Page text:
(In a previous article, “Know Thyself”, I set the context for profiling in respect to knowing a whole person outside of pencil and paper assessments, and the dangers of relying on pencil and paper assessments.)
My first personal experience with standardised profiling assessments was taking career assessments in a day and age that is best left out of this discussion. These career assessments took several hours to complete and did not have the tremendous reliability of other tools. Interestingly though, they did have some measure of truth, as some of the work I currently do was indicated in those early days.
After several years of studying and working, I funded my way to the US where I undertook my first degree. As part of the leadership development programme at that University, and as part of general student services, I first encountered the Myers Briggs Personality Type Indicator and the Strong-Campbell Interest Inventory, as well as numerous other personality and aptitude tests. We critically examined the MBTI in my psychology classes, as well as studying the underlying theories of personality, etc. that underpinned them.
One thing is abundantly clear when taking a well-constructed and validated personality or aptitude assessment: it can be startlingly accurate.
Something else is also evident: badly constructed assessments can be terribly inaccurate or useless for the intended purposes. As I noted in a previous article, personality tests can be used to easily box people. Friends and I got so good with the MBTI that we could determine someone’s personality type within 5 minutes of meeting them – with around 80-85% accuracy.
But what is the utility of such assessments? These tools still provide a great deal of information and insight into people’s functioning. They also have the advantage of helping people to understand others. (Please Understand Me was a popular 90s text explaining the application of the MBTI).
There are several key principles to bear in mind with any paper and pencil assessment:
1. It should provide information that assists you. Never undertake assessments so you can just tick the boxes of completion. If all the assessment does is paint you a specific colour, but not indicate how you may use that information to perform or function better, then question whether you really should use it.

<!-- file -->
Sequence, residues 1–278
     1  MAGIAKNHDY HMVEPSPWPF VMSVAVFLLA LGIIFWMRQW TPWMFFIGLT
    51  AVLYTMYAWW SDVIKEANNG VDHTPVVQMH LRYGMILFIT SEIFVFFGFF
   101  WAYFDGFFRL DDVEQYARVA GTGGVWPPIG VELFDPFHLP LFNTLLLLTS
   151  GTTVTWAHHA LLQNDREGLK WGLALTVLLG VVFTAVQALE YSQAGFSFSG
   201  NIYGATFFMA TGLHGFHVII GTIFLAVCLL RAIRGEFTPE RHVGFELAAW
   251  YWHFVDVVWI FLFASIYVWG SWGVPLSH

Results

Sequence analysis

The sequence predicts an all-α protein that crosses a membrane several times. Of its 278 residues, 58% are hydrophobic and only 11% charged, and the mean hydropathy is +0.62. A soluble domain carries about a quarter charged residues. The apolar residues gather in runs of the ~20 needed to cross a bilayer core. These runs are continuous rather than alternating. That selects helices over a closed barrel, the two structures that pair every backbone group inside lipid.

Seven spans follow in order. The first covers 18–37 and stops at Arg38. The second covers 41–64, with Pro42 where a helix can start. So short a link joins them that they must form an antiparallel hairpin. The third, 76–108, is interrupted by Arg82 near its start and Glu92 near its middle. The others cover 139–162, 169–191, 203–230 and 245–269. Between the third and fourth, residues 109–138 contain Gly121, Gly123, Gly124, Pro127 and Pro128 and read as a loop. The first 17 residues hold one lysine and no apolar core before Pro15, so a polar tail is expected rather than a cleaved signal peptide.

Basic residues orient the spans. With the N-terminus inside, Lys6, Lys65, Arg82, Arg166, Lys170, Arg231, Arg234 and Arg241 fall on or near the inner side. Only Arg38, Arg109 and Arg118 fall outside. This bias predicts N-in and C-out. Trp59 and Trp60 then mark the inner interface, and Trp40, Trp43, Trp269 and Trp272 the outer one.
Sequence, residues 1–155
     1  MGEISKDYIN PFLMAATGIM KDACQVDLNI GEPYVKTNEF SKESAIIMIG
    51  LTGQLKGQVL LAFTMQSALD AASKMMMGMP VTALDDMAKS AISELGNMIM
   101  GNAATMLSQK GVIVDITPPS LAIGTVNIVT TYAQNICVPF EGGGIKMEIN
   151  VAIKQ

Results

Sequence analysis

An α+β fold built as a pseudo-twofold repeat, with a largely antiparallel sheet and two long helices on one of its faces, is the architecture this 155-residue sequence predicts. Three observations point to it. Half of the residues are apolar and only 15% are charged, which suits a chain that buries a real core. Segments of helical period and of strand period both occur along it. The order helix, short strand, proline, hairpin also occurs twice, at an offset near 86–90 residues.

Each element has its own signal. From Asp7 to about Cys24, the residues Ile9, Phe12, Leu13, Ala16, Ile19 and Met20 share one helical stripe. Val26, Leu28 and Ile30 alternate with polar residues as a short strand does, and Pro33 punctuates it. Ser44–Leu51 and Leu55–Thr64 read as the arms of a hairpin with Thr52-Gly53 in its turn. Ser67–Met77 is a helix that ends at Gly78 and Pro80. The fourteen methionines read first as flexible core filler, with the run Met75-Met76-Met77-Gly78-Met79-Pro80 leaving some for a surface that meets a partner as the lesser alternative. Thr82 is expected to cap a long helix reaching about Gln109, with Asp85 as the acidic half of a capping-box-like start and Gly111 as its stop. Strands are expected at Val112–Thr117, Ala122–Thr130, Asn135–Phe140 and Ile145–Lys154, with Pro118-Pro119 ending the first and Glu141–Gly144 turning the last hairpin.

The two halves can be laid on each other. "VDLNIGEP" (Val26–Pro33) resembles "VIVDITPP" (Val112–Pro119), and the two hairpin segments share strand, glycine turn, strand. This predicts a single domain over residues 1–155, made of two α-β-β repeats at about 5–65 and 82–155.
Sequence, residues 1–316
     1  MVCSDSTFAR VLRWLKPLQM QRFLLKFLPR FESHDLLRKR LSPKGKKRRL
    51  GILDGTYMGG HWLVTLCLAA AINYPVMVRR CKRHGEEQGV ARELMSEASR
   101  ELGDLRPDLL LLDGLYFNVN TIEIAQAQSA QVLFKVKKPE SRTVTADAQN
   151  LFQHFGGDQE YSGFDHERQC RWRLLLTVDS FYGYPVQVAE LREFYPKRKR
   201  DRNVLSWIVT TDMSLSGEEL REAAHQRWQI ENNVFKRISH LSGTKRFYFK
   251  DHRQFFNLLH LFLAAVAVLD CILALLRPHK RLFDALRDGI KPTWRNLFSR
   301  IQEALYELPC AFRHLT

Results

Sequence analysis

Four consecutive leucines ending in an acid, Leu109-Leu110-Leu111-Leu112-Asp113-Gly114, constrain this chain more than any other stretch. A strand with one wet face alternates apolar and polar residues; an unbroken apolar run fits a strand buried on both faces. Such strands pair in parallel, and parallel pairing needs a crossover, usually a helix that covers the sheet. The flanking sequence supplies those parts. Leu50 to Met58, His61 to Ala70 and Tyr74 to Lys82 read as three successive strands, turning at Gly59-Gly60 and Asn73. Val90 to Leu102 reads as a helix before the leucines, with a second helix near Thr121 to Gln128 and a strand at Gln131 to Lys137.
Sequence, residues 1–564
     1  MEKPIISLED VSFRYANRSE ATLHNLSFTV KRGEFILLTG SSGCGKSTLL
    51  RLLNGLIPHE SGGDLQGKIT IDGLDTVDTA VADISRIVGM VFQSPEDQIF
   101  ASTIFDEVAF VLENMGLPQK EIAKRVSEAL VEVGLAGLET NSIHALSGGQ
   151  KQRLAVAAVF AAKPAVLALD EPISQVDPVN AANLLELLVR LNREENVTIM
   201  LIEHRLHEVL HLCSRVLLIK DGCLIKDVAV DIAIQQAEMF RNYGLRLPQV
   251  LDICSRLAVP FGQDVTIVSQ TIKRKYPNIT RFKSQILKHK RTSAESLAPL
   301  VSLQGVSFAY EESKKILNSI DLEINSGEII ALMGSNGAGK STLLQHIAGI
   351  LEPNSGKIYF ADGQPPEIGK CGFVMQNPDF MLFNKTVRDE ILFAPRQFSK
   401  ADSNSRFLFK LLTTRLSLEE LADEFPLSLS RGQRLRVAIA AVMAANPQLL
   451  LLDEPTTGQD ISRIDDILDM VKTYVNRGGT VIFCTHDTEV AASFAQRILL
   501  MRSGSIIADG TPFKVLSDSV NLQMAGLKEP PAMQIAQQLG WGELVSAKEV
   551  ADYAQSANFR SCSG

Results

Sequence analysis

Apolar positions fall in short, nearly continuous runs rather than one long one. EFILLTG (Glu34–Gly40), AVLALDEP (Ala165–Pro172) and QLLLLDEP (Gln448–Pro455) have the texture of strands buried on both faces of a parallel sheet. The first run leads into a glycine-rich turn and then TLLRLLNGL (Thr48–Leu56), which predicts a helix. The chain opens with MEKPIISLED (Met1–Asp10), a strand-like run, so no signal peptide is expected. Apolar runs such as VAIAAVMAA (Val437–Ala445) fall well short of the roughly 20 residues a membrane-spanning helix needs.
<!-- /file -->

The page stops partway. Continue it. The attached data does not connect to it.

This is a mistake people make, for example, with IQ tests: “Look, I have a 130 IQ!” So what? Did the IQ test identify your more effective areas of functioning? Did it identify your areas of ignorance in a crucial professional area? Did it help improve your motivation? (And, by the way, how was that IQ test normed and when was it last normed?) If you can’t answer these questions, then, for one thing you’re not as smart as the IQ test indicated.
2. Ensure it is relevant to the task for which the assessment is being used. MBTI is a great tool and reveals tremendously useful information, but it will not be a shred useful in determining your capability for performing a job. Nor does being one personality preclude you from undertaking tasks with which you are not naturally comfortable.
This is one of the reasons we use Harrison Assessments for work environment suitability and development profiling. It was specifically designed, from the ground up, as a work-preferences assessment. If, however, you are assessing someone for latent potential ability, an appropriate IQ or skills test may be more appropriate.
3. If you are putting faith in the tool’s results, ensure it is appropriately researched and validated. There are thousands of “assessments” out there. We sometimes encounter people who say to us, “Have you encountered ‘such-and-such’ assessment? It’s the greatest one ever.” And they react in shock that we haven’t heard of the latest fad assessment that has very little scientific research behind it, sold to them by a guy who also had holdings in the Golden Gate bridge.